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My Journey to Hack the Babysitter

It takes a village to raise a child.


As a new mom and full-time employed marketing manager, I was in need of some serious balance. Time once reserved for connecting with my husband, building relationships with friends and within the community no longer seemed possible.

Desperately needing help, I didn’t quite know where to get it or how to ask for it. Hiring a sitter at $15 an hour a few times each week wasn’t an option financially. Having a kiddo with special needs set the bar higher when seeking care help. Asking my mom for help all the time was feeling a little intrusive.

We just wanted to be able to plan for a weekly night with each other to connect or a Saturday afternoon to take care of our own needs, or even grab a drink with a friend.

Before we became parents, I remembered my mom telling me about the childcare co-op she participated in at her NYC apartment complex back in the seventies – where parents traded poker chips as currency in exchange for care. It sounded so “hippie-dippy”, but the idea stuck with me.

A childcare co-op for modern day parents

Starting a co-op among my parent peers, I soon realized that my circle was too small. I wanted to be able to connect with more parents in my communities like my daughter’s school, or families involved in some of the same activities. Facebook was still in its infancy and Google groups weren’t yet a thing.

Managing Excel spreadsheets, creating and updating the codes of conduct, points earned and traded and group rules —it was just way too cumbersome for a working parent. Getting a group together physically to meet and manage the activities was another challenge. All I wanted was to find a way to unite with other parents in my periphery who might be seeking similar solace but just didn’t know how to connect.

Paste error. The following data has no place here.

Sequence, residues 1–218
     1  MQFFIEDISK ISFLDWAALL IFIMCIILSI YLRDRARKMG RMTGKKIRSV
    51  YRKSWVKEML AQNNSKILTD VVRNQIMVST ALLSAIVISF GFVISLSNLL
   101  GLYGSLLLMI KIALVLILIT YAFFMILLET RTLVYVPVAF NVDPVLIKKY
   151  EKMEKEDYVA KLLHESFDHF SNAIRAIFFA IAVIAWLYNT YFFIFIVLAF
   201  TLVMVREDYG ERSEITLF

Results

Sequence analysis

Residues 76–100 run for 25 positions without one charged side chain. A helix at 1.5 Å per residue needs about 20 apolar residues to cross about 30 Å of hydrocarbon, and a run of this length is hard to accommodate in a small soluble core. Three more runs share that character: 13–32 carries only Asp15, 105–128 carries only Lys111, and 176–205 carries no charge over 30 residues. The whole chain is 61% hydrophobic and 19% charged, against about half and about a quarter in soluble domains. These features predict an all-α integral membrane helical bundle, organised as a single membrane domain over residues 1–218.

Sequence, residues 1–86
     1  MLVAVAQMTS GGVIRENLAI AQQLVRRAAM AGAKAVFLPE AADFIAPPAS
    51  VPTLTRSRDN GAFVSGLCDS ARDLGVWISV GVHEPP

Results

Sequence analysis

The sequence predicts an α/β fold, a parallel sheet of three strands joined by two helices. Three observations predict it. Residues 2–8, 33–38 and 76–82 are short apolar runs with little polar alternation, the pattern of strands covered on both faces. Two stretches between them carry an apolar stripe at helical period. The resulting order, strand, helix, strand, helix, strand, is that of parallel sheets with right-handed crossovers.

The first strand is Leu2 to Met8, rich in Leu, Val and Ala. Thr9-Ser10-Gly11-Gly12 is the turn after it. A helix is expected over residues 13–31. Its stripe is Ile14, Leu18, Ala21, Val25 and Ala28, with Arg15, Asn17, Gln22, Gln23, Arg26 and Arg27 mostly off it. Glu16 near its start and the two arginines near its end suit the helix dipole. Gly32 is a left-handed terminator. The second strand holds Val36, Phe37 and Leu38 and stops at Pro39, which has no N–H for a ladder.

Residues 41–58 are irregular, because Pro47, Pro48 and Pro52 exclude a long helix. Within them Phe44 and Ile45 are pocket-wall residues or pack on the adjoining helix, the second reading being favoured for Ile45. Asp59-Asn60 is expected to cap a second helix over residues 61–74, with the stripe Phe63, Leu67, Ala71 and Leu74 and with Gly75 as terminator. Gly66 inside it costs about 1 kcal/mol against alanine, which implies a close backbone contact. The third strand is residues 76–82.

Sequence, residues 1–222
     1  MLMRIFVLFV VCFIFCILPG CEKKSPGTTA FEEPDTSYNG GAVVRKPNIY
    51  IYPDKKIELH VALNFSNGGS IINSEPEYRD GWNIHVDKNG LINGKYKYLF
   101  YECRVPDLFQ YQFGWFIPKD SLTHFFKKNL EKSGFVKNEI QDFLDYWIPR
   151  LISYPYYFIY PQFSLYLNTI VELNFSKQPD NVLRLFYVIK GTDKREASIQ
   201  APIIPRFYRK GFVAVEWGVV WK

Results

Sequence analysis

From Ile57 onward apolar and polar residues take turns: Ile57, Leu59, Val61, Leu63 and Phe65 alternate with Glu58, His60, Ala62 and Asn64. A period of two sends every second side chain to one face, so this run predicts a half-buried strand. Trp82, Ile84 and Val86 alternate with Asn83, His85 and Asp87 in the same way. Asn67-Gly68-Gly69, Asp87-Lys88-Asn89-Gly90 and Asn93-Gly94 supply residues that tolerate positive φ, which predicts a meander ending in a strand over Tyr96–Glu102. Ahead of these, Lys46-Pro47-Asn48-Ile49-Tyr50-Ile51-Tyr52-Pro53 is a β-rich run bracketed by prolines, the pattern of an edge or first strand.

Through the wonders of technology, the adoption of social networking, and with the advent of the sharing economy, I realized there was a broader opportunity to connect parent peers within their communities.

It was from this concept that kidcareshare was born.

kidcareshare builds a virtual village of parent peers who all understand the value of gaining balance in life in order to effectively be a conscious and connected parent.

Building community

Thinking about that first time dropping my infant daughter at daycare and desperately wanting to connect with other parents who were rushing out the door to get to work, I imagined a solution that would take away the burden of asking other parents if they wanted to support each other, sharing care.

How would I feel if another mom or dad invited me to connect in a safe environment to share in a community of parenting? I thought it would feel pretty good. And thus the journey began to create kidcareshare to solve the problems today’s busy parents face.

Like a childcare co-op on overdrive, kidcareshare is designed to allow parents to rapidly build a safe network of “care-share” peers you already know and trust. Using a points-based currency to alleviate the cost of hiring a sitter, the solution takes the hassle out of managing the points and serves as a middle-man to remove the “burden of asking” for help, as users build their care networks.

With kidcareshare, last minute carpools, playdates and even those nights stuck later at the office now have a solution. Users give care and get care by offering availabilities, responding to requests and earning and trading points to keep the process equitable.

As our communities gain access to each other through shared networks and technology, my goal is to unite with each other, to share our skills and services to alleviate modern-day challenges of cost and resources.

If you’re still reading, then let me extend an invitation to you as we prepare to launch the beta version of kidcareshare. We’re building a network of parent peers to shape the future of child care and how we connect within our communities. Will you join me on this journey?

Sign-up at and enter your email address to be added to our beta user group. I’m ready to find some balance. Aren’t you?


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